Some of the best leaders I have followed and worked with have been able to do this. Even when I knew they couldn’t be absolutely certain of what was happening around them, they had the courage to back themselves, and their ability to create a mini-structure and direction when the drive and energy of the wider company came to a stand still during a crisis.
An easy example of this are those leaders who, when there is a major restructure or leadership change at the top of the organisation, continue to ensure a productive and focused team. They choose a direction, steer the team in that direction, and provide stability and focus for their team. This can be as simple as heightened focus on team objectives and an increase in team meeting frequency to share what information is known. In a complex or matrix organisation, the ability toconduit manage is a critical skill in making this happen.
I’ve also seen the opposite occur; when the manager chooses to use this time to stop everything and wait. The problem with this is that the energy in the team builds as a result of the natural stressors and tensions in the organisation, especially if there is talk of lay-offs. But rather than providing an outlet for the energy through direction and focus, the manager harvests uncertainty and ambiguity, which is fuelled by gossip and misinformation.
To deal with uncertainty in the best possible way, keep things simple and follow these guidlines:
Over the next couple of weeks I will explore some of the key elements that I believe underpin an engaging leader. I have been fortunate to have experienced leadership in the military, small, medium and large sized businesses, government, non-profit, family owned and private sectors. When I reflect on all of these experiences, both as a leader and an employee, I believe that there are certain ingredients that underpin the quality of effective leaders:
- Being courageous
- Resilience and dealing with uncertainty
- Ability to keep things simple
- Sharing information
- Being eclectic
I will explore each of these ideas in brief over the next couple of weeks. Today though, here are my thoughts on the first point…
I remember the first time that I led a team, and the moment when I realised that the decisions I make will affect the lives of more than just me. Suddenly my decisions took on a new dimension. And it wasn’t just the person sitting opposite me that was affected by my decisions; it was their family as well. Sometimes tough decisions have to be made, and it isn’t easy knowing that the sphere of impact is greater than you and the person sitting opposite you. A good leader understands this and their decisions are respectful and respected as a result.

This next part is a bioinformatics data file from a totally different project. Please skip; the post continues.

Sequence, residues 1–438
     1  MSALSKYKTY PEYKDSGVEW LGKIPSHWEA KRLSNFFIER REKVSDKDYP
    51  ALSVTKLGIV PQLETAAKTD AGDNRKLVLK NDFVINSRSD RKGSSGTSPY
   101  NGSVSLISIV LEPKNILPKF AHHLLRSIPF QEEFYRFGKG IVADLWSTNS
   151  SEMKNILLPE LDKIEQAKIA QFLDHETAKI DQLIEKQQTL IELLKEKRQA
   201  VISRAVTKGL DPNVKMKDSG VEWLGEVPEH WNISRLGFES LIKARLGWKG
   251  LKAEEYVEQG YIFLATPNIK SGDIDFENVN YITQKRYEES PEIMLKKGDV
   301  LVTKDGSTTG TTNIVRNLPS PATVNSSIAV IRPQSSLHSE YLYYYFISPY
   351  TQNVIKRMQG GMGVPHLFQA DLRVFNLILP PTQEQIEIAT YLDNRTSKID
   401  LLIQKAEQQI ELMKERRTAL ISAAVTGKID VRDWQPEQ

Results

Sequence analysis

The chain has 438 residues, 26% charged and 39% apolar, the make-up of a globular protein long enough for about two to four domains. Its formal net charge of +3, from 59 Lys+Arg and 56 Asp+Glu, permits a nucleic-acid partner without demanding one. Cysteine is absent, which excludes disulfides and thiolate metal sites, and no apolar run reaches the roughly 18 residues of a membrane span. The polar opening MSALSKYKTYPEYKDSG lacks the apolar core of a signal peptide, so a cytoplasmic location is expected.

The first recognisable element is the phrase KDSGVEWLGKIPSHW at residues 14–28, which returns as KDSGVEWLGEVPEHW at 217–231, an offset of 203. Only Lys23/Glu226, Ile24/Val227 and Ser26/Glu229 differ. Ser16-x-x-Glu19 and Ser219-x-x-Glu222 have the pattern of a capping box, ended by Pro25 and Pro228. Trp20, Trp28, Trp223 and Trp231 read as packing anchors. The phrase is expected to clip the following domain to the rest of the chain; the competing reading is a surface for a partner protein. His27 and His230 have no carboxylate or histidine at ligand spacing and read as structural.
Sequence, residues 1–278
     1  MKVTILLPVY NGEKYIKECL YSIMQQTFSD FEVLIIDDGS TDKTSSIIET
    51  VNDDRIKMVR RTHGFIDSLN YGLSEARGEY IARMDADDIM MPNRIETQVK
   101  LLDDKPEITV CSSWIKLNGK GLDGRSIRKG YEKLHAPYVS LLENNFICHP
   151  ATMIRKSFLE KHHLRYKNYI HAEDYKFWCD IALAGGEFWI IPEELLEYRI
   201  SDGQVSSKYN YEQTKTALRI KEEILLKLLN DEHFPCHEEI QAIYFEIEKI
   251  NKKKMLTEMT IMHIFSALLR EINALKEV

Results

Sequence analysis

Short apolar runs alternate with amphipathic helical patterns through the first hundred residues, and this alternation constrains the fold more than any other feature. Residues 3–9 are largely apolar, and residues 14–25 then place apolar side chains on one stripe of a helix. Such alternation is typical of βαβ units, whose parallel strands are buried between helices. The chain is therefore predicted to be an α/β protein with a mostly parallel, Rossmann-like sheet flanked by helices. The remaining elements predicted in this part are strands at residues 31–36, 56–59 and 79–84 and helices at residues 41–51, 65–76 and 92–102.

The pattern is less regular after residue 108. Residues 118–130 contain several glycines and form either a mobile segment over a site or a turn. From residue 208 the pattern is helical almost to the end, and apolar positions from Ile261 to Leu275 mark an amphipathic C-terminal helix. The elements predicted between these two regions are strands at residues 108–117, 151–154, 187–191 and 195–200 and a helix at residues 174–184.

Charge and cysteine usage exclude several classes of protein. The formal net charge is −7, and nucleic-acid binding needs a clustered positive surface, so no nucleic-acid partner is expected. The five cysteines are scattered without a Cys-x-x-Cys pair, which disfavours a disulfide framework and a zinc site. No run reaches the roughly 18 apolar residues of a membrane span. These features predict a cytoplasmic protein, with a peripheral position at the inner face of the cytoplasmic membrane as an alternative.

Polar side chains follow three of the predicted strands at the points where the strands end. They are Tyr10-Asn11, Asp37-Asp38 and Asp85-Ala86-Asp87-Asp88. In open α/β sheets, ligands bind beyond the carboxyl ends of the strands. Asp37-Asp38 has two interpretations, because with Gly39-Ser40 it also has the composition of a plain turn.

There is the courage to persevere when things get tough; especially in the face of adversity. Whether you are commanding troops in the field, asking someone to perform a hazardous task, or making the decision on which roles are to be made redundant when downsizing, being a strong leader in these situations takes strength of character and courage. The ability to keep your eye on the bigger picture will help you get through these times, and to lead in an assertive and empathic manner...especially when it counts.
Then there is the courage to be true to yourself and at the same time your people. For me this means being prepared to own up when I have made a mistake, not let my pride interfere with the building of an authentic working relationship. As a leader we want to get things right, and be seen to be doing the right thing – it’s only natural. But when working hard to be a strong leader it is easy to brush over our own imperfections, and easier to find fault with others. The best leaders get the idea of being authentic, and realise that one of the best ways to develop this is to increase their level of self-awareness. The more we understand about our values and the beliefs that can either get in the way of or enhance our style, the easier it is to lead in an authentic way.
These are three elements that underpin being courageous. The leaders I have enjoyed working for each demonstrated these qualities; and I hope that they are qualities I have inspired in the people I have led.
The next article will build on from this foundation and take a look at resilience and the ability to deal with uncertainty.